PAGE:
By John DePutter & Dave Milne – April 8, 2020
Canadian farmland value gains continued to slow in 2019, before the current covid-19 pandemic.–Syngenta website article, April 6, 2020
What it means:
It means lots of things. Let’s talk about four.
1. If nothing else, farmland values are testament to agriculture’s resiliency.
Let’s face it; farmland had every excuse to backtrack in 2019. Coming off a year in which nationwide realized net farm income was already down a whopping 41% to $4.2 billion, amid a big jump in expenses, it seemed like 2019 would have been a good year for farmers to pull in their horns and put any expansion plans on the backburner.
Yet Farm Credit Canada’s Farmland Values Report on Monday showed the average value of Canadian farmland increased by 5.2% this past year. Admittedly, it was the smallest annual increase in a decade and well off the 19.5% and 22.1% gains seen in 2012 and 2013 but it, was an increase, nevertheless.
And while the report did suggest at least some of the buoyancy in some areas was due to speculators and developers, it also noted that plenty of the land-buying interesting was still coming from already established producers looking to expand their operations.
2. Optimism amid challenges.
It’s an amazing display of confidence, especially considering the hurdles farmers have faced in addition to the poor financial year many of them had in 2018.
US President Donald Trump’s trade war with China badly hurt the agricultural markets in general. Meantime, the Canadian government’s own spat with the Chinese government over Huawei executive Meng Wanzhou has now cost Prairie farmers a good portion of their canola export business.
Excessively wet weather meant some producers in parts of Ontario and Quebec didn’t get all their corn and soybean crops seeded last spring. The same problem on the Prairies in the fall meant many crops had to be abandoned in the field.
Those were only a few of the problems. But, somehow, farmland demand from west to east was still greater than the supply in 2019, pushing prices higher again.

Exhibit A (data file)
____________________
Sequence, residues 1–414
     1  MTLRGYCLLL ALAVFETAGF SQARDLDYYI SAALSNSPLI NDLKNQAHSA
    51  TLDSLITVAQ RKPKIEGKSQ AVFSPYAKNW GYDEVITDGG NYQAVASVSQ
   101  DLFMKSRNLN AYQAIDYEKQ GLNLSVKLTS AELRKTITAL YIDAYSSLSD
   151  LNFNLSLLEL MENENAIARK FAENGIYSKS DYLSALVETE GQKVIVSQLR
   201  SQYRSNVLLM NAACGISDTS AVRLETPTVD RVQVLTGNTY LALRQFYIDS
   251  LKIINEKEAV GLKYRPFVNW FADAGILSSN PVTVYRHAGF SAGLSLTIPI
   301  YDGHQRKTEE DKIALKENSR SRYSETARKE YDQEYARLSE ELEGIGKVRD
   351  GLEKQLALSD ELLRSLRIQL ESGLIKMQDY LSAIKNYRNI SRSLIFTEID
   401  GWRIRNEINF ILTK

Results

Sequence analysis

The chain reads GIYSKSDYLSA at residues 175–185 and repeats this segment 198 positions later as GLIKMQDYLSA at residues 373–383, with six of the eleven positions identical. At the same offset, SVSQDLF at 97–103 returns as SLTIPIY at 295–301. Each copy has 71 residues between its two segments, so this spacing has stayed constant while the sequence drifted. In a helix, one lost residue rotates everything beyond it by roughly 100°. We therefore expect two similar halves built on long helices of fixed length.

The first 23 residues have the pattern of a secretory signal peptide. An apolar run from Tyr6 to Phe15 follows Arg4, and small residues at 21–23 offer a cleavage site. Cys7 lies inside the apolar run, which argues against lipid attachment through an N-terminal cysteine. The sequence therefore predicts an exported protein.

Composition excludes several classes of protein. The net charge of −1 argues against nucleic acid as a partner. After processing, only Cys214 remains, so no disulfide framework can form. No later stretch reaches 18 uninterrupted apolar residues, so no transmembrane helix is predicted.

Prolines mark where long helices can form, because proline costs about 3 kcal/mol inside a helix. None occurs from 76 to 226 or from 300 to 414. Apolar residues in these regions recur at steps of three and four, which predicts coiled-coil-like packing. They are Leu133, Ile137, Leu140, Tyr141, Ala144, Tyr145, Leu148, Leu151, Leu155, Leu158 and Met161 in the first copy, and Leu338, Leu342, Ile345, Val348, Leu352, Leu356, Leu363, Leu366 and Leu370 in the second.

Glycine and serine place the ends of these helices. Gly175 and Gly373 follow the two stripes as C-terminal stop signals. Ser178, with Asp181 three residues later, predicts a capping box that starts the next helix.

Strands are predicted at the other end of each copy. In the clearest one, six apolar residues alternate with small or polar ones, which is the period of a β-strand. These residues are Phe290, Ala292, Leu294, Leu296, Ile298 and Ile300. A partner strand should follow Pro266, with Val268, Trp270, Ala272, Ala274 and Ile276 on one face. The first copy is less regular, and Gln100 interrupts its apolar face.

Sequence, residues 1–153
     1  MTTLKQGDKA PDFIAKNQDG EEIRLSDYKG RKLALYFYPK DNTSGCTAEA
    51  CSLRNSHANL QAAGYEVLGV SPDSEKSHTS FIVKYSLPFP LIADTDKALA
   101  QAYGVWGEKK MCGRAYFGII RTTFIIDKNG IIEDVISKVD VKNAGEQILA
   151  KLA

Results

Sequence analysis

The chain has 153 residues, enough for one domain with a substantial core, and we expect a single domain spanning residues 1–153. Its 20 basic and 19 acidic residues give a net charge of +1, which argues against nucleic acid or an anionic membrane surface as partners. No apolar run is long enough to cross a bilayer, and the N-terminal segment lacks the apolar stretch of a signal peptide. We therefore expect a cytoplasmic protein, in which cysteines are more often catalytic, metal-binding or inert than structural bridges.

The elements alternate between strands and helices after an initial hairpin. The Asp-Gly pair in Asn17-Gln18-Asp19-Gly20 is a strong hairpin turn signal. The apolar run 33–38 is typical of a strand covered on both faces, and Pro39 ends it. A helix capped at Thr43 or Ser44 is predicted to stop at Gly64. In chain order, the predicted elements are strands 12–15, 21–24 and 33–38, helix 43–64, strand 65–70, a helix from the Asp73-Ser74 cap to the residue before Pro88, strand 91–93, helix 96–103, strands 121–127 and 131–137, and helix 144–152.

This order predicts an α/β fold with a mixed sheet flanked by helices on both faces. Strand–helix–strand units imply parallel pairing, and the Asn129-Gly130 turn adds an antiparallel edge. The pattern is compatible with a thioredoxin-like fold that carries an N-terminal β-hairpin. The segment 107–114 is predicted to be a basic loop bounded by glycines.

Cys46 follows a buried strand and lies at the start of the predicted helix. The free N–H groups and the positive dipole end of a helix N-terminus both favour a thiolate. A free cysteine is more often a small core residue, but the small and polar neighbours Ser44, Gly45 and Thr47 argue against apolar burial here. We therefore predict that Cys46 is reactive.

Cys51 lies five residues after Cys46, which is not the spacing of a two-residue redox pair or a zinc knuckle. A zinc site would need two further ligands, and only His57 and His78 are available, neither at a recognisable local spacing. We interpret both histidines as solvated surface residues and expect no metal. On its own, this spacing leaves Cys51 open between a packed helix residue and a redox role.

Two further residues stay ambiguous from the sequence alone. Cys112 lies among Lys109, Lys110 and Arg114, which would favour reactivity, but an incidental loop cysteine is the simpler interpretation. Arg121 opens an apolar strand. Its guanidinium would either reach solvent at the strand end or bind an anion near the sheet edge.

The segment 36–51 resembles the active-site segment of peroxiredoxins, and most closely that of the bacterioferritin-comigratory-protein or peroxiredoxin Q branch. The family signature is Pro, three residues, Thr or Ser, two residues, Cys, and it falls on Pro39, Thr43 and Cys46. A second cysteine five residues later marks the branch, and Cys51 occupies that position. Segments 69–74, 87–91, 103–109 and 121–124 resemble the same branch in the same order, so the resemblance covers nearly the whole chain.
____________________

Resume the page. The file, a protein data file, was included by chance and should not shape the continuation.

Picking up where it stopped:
Even in Saskatchewan and Alberta, where the weather problems seemed to hit particularly hard, farmland values were up 6.2% and 3.3% in 2019, respectively. It’s also worth noting that in January-September, 2019 crop receipts in Saskatchewan were down 2.4% from the same period in 2018, although Alberta did see an increase.
3. Dark clouds gathering
But there are ominous signs. FCC’s own analysis shows that Canadian farmland values have become more expensive relative to farm income. The so-called price-to-revenue ratio – which measures the price of farmland as a multiple of crop receipts – reached an all-time high in 2019.
That’s just one measure, but an important one. It suggests that, overall, farmland is overpriced in relation to what can be produced on the land. Which in turn suggests an adjustment may be needed in the future. The adjustment will have to involve either more value in the crops and livestock coming off the land, or lower prices for the land, or both, to bring the ratio back into balance.
4. Land is valuable because people still need to eat, but…
Through thick and thin, farmers have always endured and the fact that people still need to eat will ensure they continue to endure. The higher farmland values of 2019 suggest some producers are expecting not just to endure, but to thrive.
The old Will Rogers quote: “A farmer has to be an optimist or he wouldn’t still be a farmer,” rings truer than ever.
Farmers also need to be realists.
The reality is that virus-related issues are developing today, all along the food chain. Some of these changes are bullish – they’re creating sudden demand spikes for farm products. Other virus-related changes are hammering certain commodities, such as hogs and cattle. And then there is the hard-to-assess impact of the global economic recession that’s underway.
These new issues are inserting many moving parts into the equation that determines farmland prices.
Land will always be an important and highly-valued base for the food we eat in this country and the world, but that doesn’t mean the price of land can only go up, year after year.
It’ll be interestinging to see where land values check in, for the calendar year 2020!
We’ll keep you updated.
The DePutter Market Advisory Service newsletter and the Ag-Alert service offer commentaries on farmland and the ag economy that it is tied to. Our most recent focus? A series of reports related to the coronavirus crisis.
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